We did not exchange a single verbal word. We just signed the same thing each day. They never doubted their understanding of the meaning. Nor did I. All of us relished this small ritual interaction. One day, Addie tore herself away from her reflection and signed along with us, giggling. I could see one young fellow excitedly mouth “we taught her!” I mouthed back with matched enthusiasm, “No, she taught us!”
The driver of the favored bus forged a liking for Addie, but made the mistake of getting too intimate. She began opening the doors to exchange waves with Addie, not realizing the smiles thus far have been intended for Addie herself all along, and not actually meant to pass through the glass. From then on, each morning doors would open as we sidled up. Addie lost interest. She did not want to twinkle and gleam at the driver; she wanted to twinkle and gleam at herself.
She picked another bus, this one with tinted thick windows and no chance of making a new set of friends for me. Balance issues worsened by inattentiveness and a tendency to bolt make it imperative that I stay within radius enough to afford quick reaction time. Thus, I could not go back to the bus with my chums on it if Addie was to be otherwise engaged. We remained at the new bus for a few weeks.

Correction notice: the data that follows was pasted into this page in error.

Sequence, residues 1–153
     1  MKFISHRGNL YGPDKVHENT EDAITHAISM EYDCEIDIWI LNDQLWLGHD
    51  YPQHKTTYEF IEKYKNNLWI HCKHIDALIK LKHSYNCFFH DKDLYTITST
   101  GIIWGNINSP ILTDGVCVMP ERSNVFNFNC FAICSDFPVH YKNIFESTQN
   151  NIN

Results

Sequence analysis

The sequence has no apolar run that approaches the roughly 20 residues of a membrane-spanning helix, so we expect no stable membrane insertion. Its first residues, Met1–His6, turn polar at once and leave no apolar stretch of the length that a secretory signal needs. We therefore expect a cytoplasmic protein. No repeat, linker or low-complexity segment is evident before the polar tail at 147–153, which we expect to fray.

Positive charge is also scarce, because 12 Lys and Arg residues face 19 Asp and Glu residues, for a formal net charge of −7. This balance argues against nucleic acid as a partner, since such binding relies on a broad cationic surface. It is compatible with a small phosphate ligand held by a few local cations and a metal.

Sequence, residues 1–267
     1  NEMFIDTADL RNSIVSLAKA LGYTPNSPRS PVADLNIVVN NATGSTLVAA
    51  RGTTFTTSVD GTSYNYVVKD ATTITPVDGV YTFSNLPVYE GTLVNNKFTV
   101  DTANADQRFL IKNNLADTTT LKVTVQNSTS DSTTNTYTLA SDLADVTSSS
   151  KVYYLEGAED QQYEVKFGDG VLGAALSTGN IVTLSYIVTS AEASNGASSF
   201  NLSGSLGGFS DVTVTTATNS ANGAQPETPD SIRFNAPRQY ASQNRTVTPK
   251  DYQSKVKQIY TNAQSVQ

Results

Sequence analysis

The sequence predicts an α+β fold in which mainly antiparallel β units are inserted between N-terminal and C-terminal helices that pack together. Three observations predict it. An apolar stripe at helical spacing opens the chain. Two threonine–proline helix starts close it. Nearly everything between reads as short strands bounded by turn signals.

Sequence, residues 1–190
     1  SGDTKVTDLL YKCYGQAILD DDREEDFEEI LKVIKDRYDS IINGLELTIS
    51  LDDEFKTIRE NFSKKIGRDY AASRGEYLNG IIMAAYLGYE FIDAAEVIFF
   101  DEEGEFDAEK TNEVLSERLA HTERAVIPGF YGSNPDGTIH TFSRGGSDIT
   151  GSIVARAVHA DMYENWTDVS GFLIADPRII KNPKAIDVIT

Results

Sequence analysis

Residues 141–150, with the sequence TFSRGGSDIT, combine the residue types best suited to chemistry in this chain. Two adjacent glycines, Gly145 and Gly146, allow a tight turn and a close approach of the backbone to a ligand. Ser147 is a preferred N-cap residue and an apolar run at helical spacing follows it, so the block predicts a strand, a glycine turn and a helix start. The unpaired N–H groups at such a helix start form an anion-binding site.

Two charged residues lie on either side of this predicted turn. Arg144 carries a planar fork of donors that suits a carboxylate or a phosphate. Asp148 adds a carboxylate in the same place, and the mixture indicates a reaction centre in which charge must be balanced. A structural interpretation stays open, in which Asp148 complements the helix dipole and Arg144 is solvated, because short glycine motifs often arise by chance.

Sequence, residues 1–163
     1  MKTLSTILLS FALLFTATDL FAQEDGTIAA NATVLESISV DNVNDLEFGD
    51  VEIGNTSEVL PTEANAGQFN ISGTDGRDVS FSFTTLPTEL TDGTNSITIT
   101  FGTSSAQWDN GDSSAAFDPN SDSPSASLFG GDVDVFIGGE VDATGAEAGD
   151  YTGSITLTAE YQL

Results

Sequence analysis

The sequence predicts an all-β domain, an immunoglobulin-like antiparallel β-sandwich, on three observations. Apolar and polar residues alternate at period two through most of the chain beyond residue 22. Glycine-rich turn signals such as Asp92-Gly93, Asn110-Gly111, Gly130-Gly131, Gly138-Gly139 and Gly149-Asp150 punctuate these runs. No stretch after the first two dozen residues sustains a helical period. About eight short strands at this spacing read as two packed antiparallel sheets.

Winter fringe benefits intervened with distraction for our girl – snow. She loves everything about it, particularly munching on it. My own winter distraction comes from the busy-ness of it, the increased work load and flurry of details. While much of it is happy work, there is an underlying strain of complication and even isolation in the cold season that I must keep at bay. Watching Addie in the snow helps. So the morning buses and their sweet cargo were disregarded all through the frosty months until this week, when most of our snow was relegated to small, dirty, unsatisfying piles. First thing Monday morning, Addie determined she and I would return to the buses.
Still, I didn't dare hope.
She led us directly to the original bus, to our bus. It was still chilly enough that the driver did not want to prop the doors open, so Addie got to enjoy her shiny reflection in the glass of the doors again. To her, all was as it should be.
I stood bouncing on my toes peeking in the windows, waiting for the 3 boys in the bus to disengage from their rowdiness and, what? Come back to me. Yeah, probably that. One fellow looked up and out. The sudden happy rounding of his eyes felt like a strong warm gust ushering me in. I heard my own quiet throaty joyful sound. He quickly rallied the others. Within seconds, there were 3 expectant moon faces mere millimeters from the windows in glad anticipation, 6 poised hands in the air, forming the initial hand shapes of our common mantra.
1, 2, 3 boys on the yellow bus, going to school.
The 3 boys, who had not forgotten even one nuance of our sentence in the 3 month hiatus, led me through the chant.
I was home again. Home in hope and promise and possibility. Home in communicating in alternate ways. Home in the simplicity of relationships across age, cultural background, interest, ability. At home in seeing things for what they are, not for what they are deemed through judgment. At home in the belief that there is a default state of connection between people….
… just because they are people.
Addie and her sister built this home for me. And in times when I wander from it, when I cannot see my return path clearly, they always lead me back.